The Remnant of Israel, Rom. 11:1-32
A remnant is a small part, member, or trace remaining (Webster). Biblically, a remnant is a
small surviving group, what remains of a people or nation after a trying time. In the case of the
Israelites, this was a spiritual remnant. Who is left that believes? Remember that Jesus asked,
“When the Son of man comes, will he find faith on the earth?” (Luke 18:8).
In this brief section, Paul answers the question as to whether God has completely rejected
those of the nation of Israel. He pressed the point that Israel had failed to live up to God’s
purpose for his chosen people of Old Testament times. They failed to live up to the Law when it
was in force and yet they still held it up as their hope in the Gospel age. God never meant for
Israel to think they were his chosen people for all time. They were chosen for great
responsibility, not for privilege. Israel was to be a light for the nations, a model people through
whom God worked to bring the Savior to the world (Isa. 49:6). But the fact that Israelites had
done a poor job and that most of them rejected the Christ was not to say that God had rejected
Israel altogether. God’s inclusion of Gentiles did not mean he had altogether rejected Israel.
In trying times there is always a remnant of the faithful. Paul himself was among the remnant.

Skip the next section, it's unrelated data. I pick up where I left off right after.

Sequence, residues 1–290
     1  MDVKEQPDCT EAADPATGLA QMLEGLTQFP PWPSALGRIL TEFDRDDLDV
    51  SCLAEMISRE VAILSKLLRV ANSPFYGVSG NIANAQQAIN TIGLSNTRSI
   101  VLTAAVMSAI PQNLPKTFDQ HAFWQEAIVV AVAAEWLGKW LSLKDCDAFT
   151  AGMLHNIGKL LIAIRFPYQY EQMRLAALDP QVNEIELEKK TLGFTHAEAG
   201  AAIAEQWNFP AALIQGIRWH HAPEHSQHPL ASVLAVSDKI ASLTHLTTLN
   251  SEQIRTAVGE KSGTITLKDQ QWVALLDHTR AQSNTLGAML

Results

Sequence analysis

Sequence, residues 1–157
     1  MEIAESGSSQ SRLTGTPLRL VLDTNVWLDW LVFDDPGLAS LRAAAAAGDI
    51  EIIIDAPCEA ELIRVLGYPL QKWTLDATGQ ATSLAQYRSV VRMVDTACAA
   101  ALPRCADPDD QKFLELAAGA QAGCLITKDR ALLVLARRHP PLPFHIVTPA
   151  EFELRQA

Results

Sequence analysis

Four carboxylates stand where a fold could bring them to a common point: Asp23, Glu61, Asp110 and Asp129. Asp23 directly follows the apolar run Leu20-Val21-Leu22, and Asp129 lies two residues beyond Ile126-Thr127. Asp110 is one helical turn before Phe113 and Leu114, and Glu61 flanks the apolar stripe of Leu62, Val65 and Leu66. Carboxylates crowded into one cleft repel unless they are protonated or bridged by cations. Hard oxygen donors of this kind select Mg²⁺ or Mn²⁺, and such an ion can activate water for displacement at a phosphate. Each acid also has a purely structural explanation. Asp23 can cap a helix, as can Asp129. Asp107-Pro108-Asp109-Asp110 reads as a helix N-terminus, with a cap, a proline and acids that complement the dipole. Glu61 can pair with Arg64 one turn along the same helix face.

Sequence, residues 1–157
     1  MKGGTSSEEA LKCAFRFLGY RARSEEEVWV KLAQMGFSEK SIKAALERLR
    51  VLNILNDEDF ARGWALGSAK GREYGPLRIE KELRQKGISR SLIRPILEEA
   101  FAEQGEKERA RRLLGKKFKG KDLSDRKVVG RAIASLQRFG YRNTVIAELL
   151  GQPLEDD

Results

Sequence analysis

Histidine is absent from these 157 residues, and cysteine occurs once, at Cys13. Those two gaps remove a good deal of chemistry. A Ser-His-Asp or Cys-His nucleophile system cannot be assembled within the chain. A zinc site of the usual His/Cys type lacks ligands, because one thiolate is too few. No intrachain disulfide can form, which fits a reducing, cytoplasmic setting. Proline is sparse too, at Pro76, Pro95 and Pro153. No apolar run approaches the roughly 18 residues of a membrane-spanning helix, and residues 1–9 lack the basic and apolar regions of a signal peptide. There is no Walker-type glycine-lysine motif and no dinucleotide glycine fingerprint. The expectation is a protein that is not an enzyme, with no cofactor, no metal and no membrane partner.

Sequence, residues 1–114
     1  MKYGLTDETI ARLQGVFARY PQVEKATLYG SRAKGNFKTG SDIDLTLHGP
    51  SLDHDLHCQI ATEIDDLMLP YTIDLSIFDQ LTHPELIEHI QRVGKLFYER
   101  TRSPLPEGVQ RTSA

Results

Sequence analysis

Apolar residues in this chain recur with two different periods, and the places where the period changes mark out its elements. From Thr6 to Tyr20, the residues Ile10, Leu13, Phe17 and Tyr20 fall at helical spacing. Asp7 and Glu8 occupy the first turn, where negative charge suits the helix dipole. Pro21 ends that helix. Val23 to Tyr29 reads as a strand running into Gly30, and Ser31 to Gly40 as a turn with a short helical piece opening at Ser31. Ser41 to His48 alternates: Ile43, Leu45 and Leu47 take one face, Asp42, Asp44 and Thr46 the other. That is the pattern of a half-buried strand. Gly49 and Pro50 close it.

No one was more Jewish than Paul (Phil. 3:5). Though Paul had first fought against the message
that Jesus was the Messiah, he came to faith and became one of the more effective gospel
evangelists. Paul illustrates the idea of the remnant by mentioning Elijah, the prophet who lived
in the time of Ahab and Jezebel. The apostate king Ahab and his wife waged a war of sorts
against God’s prophet. Elijah fled to the wilderness for safety, and but for God sending him a
raven with food, he may have died. By the way, “Head for the hills” became the cry of the
fleeing remnant for a reason. While in the wilderness, Elijah concluded he was the only faithful
Israelite left. But God told him he had a remnant of seven thousand faithful among Israel who
had not bowed to Baal, a false god of the Canaanites (1 Kings 16). God then used Elijah to lead a
campaign of revival in Israel. God can use a few to bring many back to right standing with God.
So in Paul’s day, God had a faithful remnant of Jews who answered the call of grace. Rejection
of Jesus by the Jews amounted to apostasy, but not all were lost. God had not turned his back
on Israel. Neither had all of them turned their backs on God. But the way to God’s favor was by
grace, not through the works of the Law. The gospel was for both the Jew and the Gentile
(Rom. 1:16-17). The first response to the gospel was made by some three thousand Jewish
people on Pentecost (Acts 2:36-41). Paul quotes Isaiah to show that God at times brought
judgment against Israel because of their unbelief (Isa. 6:10). He also quotes Psa. 69:22-23,
where David spoke of his enemies being closed-minded and deserving of judgment. Paul uses
the passage to describe what happens when people harden themselves instead of being open
to God’s message.
This stretch of Romans is tough sledding. Stay with us and we will see that Paul is reaching out
to his own people, Israel, telling them anyone can be saved through Christ.
My comments are not an inspired commentary, but rather a few words to draw attention to the background, context, and dynamic situation of the book of Acts. May God bless your reading of His Word. T.C.